4 Surefire Strategies for Podcasting Success

One of the hottest opportunities in writing for the web right now is the podcast – a recorded audio or video file you download from the internet to your computer.

Podcasting didn’t even exist five years ago. In 2004, there were only 1,000 podcasts listed on the PodcastAlley website – and 94% of those were tech- or computer-oriented.

Today, PodcastAlley lists over 51,000 different podcasts in 22 different categories, including Arts, Comedy, Kids & Family, Technology (the most active area), Business, and 17 more.

Businesses are discovering that podcasts provide a powerful and relatively inexpensive way to keep their names in front of potential customers … without resorting to traditional advertising.

Most podcasts are free. And they contain (or should contain) entertaining and informative ideas. By giving podcasts away, businesses are able to establish a strong, personal relationship with potential customers.

Now that businesses have discovered the value of podcasting, as a web writer you have two opportunities: You can write podcast scripts for clients, and you can use podcasts to promote your own business.

But if you want to be successful with either (or both) of these approaches, there are four vital strategies you need to follow …

  1. Remember that content is king! Make sure you have something interesting to say. And say it in an interesting way.

    Your listeners/watchers want to learn or be entertained when they turn on a podcast. If you don’t give them something exciting, new, and informative, they’ll go someplace else.

    You’ll find a wealth of things to talk about in your client’s current files: white papers, stockholder reports, even office memos. But don’t just recycle material for the sake of getting something done. Make sure what you write about something that benefits the listener.

    So, for example, do not make your script a five-minute commercial for the company’s latest green tea extract supplement. Instead, you could write about three new studies that show green tea drinkers have fewer colds, have lower blood sugar, and have been shown to work more efficiently.

    And tell this story in an exciting way. Which brings us to …

  2. Avoid corporate-speak. Your listeners are no more interested in hearing jargon and four-syllable words than they are in reading them. Write your scripts the way you would talk.

    Here’s an example of what I mean by corporate-speak (taken from the internet):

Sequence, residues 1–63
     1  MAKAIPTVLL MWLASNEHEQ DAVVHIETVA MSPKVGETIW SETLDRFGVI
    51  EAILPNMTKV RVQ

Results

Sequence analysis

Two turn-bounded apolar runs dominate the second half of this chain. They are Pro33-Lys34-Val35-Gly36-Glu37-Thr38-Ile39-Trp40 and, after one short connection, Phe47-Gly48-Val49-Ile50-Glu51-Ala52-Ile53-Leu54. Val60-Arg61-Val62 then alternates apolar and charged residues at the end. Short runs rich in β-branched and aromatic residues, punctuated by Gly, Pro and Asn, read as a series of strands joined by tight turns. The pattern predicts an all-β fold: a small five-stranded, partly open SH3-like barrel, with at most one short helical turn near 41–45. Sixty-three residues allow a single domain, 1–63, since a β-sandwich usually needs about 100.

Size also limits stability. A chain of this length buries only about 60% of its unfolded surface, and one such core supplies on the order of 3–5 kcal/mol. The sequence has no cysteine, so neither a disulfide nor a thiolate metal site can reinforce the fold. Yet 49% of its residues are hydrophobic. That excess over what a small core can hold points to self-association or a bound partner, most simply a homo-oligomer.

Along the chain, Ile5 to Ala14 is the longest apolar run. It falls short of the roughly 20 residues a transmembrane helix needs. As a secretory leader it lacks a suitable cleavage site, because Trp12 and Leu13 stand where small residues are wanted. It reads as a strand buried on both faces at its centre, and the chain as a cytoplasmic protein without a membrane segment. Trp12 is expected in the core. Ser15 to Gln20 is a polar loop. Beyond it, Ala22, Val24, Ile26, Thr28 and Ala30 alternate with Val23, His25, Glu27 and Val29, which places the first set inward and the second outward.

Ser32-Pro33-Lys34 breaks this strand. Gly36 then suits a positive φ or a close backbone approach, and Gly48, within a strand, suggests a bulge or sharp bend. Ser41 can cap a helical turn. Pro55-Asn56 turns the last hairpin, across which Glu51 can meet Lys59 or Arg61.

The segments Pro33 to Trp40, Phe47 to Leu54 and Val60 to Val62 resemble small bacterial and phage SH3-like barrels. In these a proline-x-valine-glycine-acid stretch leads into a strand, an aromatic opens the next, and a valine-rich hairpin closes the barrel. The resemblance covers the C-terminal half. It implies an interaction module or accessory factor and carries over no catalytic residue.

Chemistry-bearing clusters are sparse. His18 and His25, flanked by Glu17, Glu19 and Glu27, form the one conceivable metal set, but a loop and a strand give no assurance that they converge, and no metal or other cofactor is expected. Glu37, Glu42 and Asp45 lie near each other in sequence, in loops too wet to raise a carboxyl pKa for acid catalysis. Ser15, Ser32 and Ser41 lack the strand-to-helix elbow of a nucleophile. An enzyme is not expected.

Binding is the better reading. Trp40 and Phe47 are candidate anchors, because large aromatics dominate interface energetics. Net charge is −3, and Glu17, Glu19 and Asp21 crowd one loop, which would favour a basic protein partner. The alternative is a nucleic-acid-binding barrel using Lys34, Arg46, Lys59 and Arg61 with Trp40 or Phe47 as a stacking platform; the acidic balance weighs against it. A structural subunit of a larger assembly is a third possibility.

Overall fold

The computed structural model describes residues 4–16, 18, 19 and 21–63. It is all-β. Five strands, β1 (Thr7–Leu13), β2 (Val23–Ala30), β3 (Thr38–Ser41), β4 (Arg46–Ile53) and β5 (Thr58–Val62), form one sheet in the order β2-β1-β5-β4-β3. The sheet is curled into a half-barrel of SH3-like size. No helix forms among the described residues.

“Organizations gain competitive advantage from: research that intersects corporate strategy, organizational change, and emerging technologies; strategic services to design and deploy new business models … ”

    What’s this mean? Your guess is as good as mine. And guessing is not what you want your listeners to do. You want them to get your message clearly.

    Write podcast scripts the same way you’d write strong, compelling copy. Use simple words. Use short sentences, with a few longer ones thrown in to change the tempo. Tell stories about real people or real events. And don’t try to be clever. As in all copywriting, cleverness usually backfires. What seems cute or clever to the writer all too often isn’t understood by the reader (or listener).

  3. Keep them short. Jeremiah Owyang – Senior Analyst at Forrester Research – notes that most corporate podcasts are 5- to 10-minutes long. The longer podcasts are usually entertainment or long news stories.

    With podcasts of 5- to 10-minutes, the listener can hear a complete one during his commute. Or while getting ready to go to work.

    This is also a good length if your listener wants to listen on the computer while doing things that don’t require his full attention, like sorting email. Much longer, and your listener’s attention can drift to more pressing matters.

  4. Use a natural voice. This strategy applies whether you’re writing a podcast script or recording the actual podcast.

    As I said, if you’re writing the script, the best way to keep your listener engaged is to follow the secrets of strong copywriting. And that means writing in a natural “voice.”

    If you’re recording your own podcast, speak naturally. Don’t try to sound like James Earl Jones (unless that’s your natural voice). You may want to lower your voice, but only slightly. Speak slowly and make sure to show fluctuations in your voice.

Follow these four surefire strategies to immediately accelerate your career as a successful web writer.

But here’s one more, bonus strategy – and a fun one: Before you start writing podcast scripts, listen to podcasts. Be sure you have the free iTunes software (as described in yesterday’s Copywriting Insider article).

Do a web search on a company name and the word “podcast.” Subscribe to several and listen to them in iTunes.

You’ll find some great ones. And you’ll find some dogs. How do you tell the difference? No matter how important the content sounds, if the podcast is boring, it’s a dog. Model the good ones. Unsubscribe from the bad ones.

And an added bonus to this bonus: When you search for company podcasts on the internet, you’re on your way to finding potential podcast clients.

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The Professional Writers’ Alliance

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Published: December 17, 2008

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